Beltane and Bread and Roses

“As we come marching, marching, we bring the greater days.
The rising of the women means the rising of the race.
No more the drudge and idler — ten that toil where one reposes,
But a sharing of life’s glories: Bread and roses! Bread and roses!”
–from James Oppenheim poem ‘Bread and Roses’

The two words ‘May Day’ evoke dual images – folks gleefully dancing around a maypole, and workers striking in the street. These are not dualities in the sense that they are opposites forever in conflict. These are simply the images of today – both downplayed in the U.S. where fertility holidays have been absorbed by the Easter rabbit, and the idea of agitating for workers rights are considered a relic of a bygone era. But these are both images, and sorts of celebrations I claim today. I herald the budding flowers and the protest sign. I welcome rainy spring days, and the leafleter. I want my bread, and my roses.

Growing up in a social justice Catholic family religion and community involvement was forever intertwined. Admittedly at the pulpit of our family church there wasn’t a lot of talk about workers rights, or equality. At home though, my Mom (a CCD teacher), my Grandmother (played organ on Sundays), and my uncle (a cantor and shop steward), Jesus’ good works and union organizing were invoked with the same sense of nuance, and reverence. Granted some of this was self-care, my union family members helped my family overall do better (aunts and uncles paid for clothes and food for me and siblings during the lean years) but it was seen as a way to collectively help a community of workers. Many protests I have attended have been joyful – with dance, and celebration, and at times a religious experience.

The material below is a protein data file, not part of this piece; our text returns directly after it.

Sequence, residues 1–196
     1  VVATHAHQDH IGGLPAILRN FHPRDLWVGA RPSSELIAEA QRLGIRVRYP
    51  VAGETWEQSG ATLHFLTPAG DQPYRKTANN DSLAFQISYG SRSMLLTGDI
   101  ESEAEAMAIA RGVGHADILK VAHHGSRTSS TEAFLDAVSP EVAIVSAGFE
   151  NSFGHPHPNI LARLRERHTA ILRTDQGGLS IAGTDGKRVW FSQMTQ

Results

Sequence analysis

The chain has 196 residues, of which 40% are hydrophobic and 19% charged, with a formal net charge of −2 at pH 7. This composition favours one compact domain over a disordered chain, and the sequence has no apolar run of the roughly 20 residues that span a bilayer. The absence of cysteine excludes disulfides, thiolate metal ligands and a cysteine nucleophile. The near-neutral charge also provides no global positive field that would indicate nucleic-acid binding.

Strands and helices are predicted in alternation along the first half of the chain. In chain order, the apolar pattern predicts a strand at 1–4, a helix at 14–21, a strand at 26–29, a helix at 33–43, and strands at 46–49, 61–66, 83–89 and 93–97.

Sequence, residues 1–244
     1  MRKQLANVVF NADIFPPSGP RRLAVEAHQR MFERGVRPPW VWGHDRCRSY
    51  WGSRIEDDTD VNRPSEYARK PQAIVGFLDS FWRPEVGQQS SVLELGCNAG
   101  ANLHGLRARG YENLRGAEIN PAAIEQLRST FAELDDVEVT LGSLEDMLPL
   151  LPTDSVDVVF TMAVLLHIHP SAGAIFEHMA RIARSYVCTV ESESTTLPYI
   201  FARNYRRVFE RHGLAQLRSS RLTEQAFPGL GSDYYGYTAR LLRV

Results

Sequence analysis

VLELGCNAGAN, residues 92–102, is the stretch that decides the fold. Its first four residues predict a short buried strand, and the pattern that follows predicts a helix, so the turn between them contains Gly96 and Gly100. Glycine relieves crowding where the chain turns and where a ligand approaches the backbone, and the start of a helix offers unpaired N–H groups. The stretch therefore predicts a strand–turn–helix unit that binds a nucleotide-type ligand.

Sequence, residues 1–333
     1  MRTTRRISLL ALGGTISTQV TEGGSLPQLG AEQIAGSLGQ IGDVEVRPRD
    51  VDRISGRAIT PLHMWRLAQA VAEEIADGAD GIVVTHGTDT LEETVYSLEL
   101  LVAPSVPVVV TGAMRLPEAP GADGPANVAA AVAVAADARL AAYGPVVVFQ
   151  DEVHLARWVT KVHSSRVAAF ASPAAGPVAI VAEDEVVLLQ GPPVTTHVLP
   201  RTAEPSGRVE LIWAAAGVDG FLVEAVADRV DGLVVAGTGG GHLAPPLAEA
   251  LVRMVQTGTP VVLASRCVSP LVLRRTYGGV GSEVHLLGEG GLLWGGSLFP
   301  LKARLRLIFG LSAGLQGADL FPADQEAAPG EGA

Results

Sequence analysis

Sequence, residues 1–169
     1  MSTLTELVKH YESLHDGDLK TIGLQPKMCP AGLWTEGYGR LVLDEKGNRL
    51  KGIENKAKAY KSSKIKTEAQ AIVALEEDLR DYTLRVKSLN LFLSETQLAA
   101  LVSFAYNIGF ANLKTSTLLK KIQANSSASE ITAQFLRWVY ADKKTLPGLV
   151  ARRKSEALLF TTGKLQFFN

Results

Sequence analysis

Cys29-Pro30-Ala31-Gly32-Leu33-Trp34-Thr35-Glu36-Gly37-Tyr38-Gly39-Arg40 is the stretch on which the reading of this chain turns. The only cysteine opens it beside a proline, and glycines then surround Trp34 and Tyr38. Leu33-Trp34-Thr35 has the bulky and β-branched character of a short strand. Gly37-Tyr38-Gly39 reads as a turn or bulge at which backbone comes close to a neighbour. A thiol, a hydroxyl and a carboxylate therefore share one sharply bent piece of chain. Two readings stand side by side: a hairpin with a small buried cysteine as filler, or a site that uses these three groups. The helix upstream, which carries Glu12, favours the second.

May Day/Beltane has never been a holiday I have sought out group ritual for. Perhaps the symbolism of the Maypole has just been too obvious for me, but my connection to this holiday’s reverence for fertility and sexuality has been a slow evolution. Honestly I need for it to be a bit more than heteronormative versions of fertility, and the occasional dick joke. I don’t want it to be somber, or without joy – but it needs to be immersive in a way that speaks to me. What then, is this holiday to me in the religious capacity?

During my run where rain still clung to the trees, and I could hear the gutters rushing with the overflow of last night’s flash flood I thought about the lush greenery around me – how the chirp of the bird and the slow sunrise are all too often squandered. As my calves ached and my feet pounded against the road I realized I had left my pedometer home and laughed at my internal complaint that I wouldn’t be ‘getting credit’ for all of these steps. I plodded on, and once home – sweaty and sore – I stretched then sat in meditation breathing in the further stillness I try to begin each day with.

Some work is joyous – and full of fertility in its own ways. The glory of a new seedling breaking soil, the beauty of art performed live, the taste of warm bread on your tongue. So much work goes into each of those moments, and not all of that work is treated equally. The field worker who is barely paid (and often stripped of rights), the artist who has to work 3 jobs just to afford the luxury to create, the baker who works at a non-union shop because all of the union grocery stores were pushed out of town.

What work, and who’s work do I choose to honor? What do I call work? While fighting for a more equitable society will I fall into the trap that work can only be valued if it is paid, or logged/recognized in some formal fashion? How can I hold both of these truths – people deserve a living wage for their work, and our work is not made valid by the dollars associated with it?

On my altar this evening I will have bread and roses- to honor the sustenance and beauty that should make up both of our lives. How will you honor these things today?

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